Electric vehicle plans of the world's top car brands

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Posted July 27, 2023

As demand for electric vehicles continues to grow globally, many of the world's major car brands are transitioning their model ranges and releasing new electric vehicles.

The automotive industry is evolving quickly around the world. Australians now benefit from greater choice than ever when it comes to electric vehicles (EVs) and government incentives that enable EVs to be purchased at a lower price.

The result is that electric vehicle sales are growing quickly. Models such as the Tesla Model Y, Tesla Model 3 and BYD Atto 3 are among the top-selling vehicles in their respective segments.

Alongside Tesla, BYD and Volvo's sporty electric-only Polestar brand, several legacy car brands have plans to transition away from internal combustion engine (ICE) vehicles altogether in favour of an electric-only model range.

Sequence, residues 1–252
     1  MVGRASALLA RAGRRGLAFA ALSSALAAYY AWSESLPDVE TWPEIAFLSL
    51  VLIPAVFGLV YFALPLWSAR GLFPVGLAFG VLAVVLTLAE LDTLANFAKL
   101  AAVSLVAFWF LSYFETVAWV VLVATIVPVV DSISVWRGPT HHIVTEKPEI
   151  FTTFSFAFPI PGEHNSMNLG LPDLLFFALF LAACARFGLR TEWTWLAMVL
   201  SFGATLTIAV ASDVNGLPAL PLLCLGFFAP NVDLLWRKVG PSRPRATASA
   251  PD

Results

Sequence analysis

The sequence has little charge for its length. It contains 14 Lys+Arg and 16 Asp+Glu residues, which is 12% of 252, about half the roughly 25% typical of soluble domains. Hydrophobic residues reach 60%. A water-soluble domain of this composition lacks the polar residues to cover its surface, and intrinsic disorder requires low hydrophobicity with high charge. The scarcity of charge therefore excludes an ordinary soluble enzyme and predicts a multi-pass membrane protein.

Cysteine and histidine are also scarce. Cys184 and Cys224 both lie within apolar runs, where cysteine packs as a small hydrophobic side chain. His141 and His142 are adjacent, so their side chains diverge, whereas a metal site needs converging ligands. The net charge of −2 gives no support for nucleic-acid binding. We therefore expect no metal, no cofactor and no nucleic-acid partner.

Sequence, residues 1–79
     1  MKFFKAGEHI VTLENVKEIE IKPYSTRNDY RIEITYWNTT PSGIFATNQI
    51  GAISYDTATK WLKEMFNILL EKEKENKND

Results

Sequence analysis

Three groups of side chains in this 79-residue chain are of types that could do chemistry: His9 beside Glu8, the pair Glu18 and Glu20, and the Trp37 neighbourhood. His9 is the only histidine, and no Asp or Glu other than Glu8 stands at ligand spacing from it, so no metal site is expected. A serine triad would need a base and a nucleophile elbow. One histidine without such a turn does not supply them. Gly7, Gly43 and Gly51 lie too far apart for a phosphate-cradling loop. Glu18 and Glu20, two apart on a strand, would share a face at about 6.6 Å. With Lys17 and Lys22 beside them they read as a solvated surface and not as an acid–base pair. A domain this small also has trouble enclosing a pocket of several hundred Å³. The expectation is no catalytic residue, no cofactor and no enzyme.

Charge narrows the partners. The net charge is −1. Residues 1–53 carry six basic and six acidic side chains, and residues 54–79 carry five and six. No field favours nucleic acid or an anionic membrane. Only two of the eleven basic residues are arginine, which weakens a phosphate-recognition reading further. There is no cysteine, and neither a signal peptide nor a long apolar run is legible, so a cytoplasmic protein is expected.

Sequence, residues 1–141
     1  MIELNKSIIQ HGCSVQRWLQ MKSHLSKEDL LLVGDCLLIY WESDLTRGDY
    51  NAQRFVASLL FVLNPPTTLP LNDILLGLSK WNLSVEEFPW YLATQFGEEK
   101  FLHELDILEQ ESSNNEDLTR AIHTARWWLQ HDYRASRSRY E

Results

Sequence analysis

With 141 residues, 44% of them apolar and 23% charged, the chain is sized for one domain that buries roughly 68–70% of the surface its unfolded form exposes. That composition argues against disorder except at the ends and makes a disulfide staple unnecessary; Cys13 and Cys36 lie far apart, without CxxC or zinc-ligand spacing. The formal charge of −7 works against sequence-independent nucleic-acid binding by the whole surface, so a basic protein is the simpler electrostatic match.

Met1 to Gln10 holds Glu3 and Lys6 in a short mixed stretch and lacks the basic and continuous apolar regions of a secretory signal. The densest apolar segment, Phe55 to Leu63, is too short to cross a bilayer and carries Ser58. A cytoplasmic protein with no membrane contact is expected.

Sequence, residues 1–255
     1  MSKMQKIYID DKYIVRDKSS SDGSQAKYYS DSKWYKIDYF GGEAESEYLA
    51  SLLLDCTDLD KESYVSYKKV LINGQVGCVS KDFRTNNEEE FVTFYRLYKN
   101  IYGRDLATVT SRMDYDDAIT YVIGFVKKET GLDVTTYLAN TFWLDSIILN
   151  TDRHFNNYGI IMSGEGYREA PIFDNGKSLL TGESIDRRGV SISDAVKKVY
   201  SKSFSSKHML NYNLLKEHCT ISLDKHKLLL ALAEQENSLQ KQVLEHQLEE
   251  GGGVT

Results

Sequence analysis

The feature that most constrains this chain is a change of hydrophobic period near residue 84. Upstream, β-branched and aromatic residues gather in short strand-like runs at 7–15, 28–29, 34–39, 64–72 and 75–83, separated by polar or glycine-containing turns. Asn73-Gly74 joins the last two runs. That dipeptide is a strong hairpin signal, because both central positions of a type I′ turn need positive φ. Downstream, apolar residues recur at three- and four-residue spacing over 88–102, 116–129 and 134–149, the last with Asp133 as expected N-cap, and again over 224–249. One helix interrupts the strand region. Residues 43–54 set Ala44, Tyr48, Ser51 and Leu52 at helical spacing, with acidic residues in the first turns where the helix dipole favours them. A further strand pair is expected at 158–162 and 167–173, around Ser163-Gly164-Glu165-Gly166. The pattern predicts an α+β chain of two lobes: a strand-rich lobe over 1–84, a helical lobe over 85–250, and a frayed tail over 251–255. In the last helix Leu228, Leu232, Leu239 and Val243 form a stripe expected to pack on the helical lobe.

Other car brands also have big plans for EVs, such as offering alternative battery models alongside ICE models, and going electric-only in specific markets only. 

Car brands transitioning to electric vehicles

Note: Dates, timelines and manufacturer announcements subject to change. 

Which car companies are going all electric and when? 


Mini plans to launch its last ICE model in 2025, producing electric-only vehicles from 2030 onwards. The brand's parent company, BMW Group, is aiming for half of all Mini sales to be electric by 2027.

Mini currently produces the Mini Electric hatch, and is launching its plug-in hybrid (PHEV) Countryman and Clubman models this year.


Honda has pledged to be 100 per cent battery electric or hydrogen fuel-cell electric vehicles (FCEV) by 2040.

Honda in Australia has so far focused more on hybrid models rather than EVs, with no full-electric vehicles on sale.



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Jaguar and Land Rover